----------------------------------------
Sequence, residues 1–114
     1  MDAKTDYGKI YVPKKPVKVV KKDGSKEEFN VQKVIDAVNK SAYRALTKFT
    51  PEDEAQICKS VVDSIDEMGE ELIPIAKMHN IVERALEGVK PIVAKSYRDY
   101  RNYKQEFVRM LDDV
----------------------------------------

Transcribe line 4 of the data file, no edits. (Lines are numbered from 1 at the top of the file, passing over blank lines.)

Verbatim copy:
   101  RNYKQEFVRM LDDV